Let me guess, you’re here because you have sit bone pain. Whether you want to call them sit bones, sitting bones, or even sitz bones, (By the way, “sitz” comes from German verb “sitzen,” meaning “to sit.”) what we’re talking about are technically called the ischial tuberosities. Ischial refers to the name of the area of bone on your pelvis and a tuberosity is a large bump. Your sit bone pain is real and I’m sure you want to know what to do about it.
How best to manage sit bone pain depends on the cause of the pain. I’ve learned from working with many clients and students that what we think is the cause of sit bone pain and what the cause really is are often two different things.
In fact, figuring out the cause of sit bone pain can be the trickiest part of managing it! If you can’t figure out what caused it, then you might choose the wrong way of working with your sit bone pain, all the while wondering why it never gets any better. You can always check out my original article on sit bone pain here.
Sit bone pain can come from any of the following:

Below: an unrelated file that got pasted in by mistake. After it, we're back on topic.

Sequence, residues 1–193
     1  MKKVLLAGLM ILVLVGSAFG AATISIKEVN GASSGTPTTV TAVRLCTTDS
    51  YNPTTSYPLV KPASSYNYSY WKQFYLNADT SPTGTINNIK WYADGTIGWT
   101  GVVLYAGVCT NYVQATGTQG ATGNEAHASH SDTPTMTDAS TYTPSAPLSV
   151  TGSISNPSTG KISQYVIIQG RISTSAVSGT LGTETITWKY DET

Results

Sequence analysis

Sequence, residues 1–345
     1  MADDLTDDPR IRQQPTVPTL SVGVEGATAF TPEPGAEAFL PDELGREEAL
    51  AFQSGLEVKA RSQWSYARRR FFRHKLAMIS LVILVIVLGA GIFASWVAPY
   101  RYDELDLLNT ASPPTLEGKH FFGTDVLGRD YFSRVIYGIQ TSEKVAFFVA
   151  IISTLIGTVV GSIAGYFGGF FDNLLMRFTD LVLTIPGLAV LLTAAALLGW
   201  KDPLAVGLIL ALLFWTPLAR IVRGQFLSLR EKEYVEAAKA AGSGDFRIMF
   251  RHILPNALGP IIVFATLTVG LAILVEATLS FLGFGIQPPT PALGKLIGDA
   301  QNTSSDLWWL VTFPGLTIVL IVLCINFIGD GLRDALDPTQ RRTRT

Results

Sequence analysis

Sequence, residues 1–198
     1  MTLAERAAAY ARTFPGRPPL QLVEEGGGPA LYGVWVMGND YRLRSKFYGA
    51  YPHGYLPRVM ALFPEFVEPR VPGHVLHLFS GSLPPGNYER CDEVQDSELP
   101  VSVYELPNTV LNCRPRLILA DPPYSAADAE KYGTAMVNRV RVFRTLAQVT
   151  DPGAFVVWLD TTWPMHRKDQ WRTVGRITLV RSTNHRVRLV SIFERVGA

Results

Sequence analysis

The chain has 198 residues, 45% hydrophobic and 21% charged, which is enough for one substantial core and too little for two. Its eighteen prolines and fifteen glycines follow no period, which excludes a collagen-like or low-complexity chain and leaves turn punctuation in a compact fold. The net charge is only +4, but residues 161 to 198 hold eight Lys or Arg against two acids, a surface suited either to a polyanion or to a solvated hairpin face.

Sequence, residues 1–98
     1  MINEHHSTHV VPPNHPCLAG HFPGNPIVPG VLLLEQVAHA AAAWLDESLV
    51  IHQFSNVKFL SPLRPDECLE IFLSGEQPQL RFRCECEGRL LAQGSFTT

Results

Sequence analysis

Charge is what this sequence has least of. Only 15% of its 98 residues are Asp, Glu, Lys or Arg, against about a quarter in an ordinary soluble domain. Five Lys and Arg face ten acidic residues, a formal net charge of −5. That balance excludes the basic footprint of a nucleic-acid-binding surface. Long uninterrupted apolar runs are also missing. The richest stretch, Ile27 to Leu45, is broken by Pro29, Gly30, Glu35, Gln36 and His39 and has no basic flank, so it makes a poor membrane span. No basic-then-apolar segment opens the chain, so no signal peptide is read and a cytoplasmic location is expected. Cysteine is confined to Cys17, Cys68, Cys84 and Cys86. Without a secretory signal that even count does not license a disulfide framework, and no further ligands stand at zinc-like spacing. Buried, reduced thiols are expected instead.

- Overdoing forward bends in yoga and creating general inflammation at the hamstring attachment.
- Over stretching (tearing) a hamstring which usually happens with an audible pop.
- Trigger points that are referring into the sit bone area.
- Adductor magnus strain.
- A running related strain or injury.
What Does it feel like?
There are some important questions you may want to ask to help identify the source of your sit bone pain.
Is the pain sharp and only when you forward bend?
Does it feel like a dull ache that includes a larger area than the sit bone itself? In other words is it your sit bone and sometimes also radiating lower, perhaps the back or side of the leg?
Does it come on after sitting in a particular position for a while?
Does the pain come and go regardless of activity?
Does the pain go away when you practice yoga or do other activities?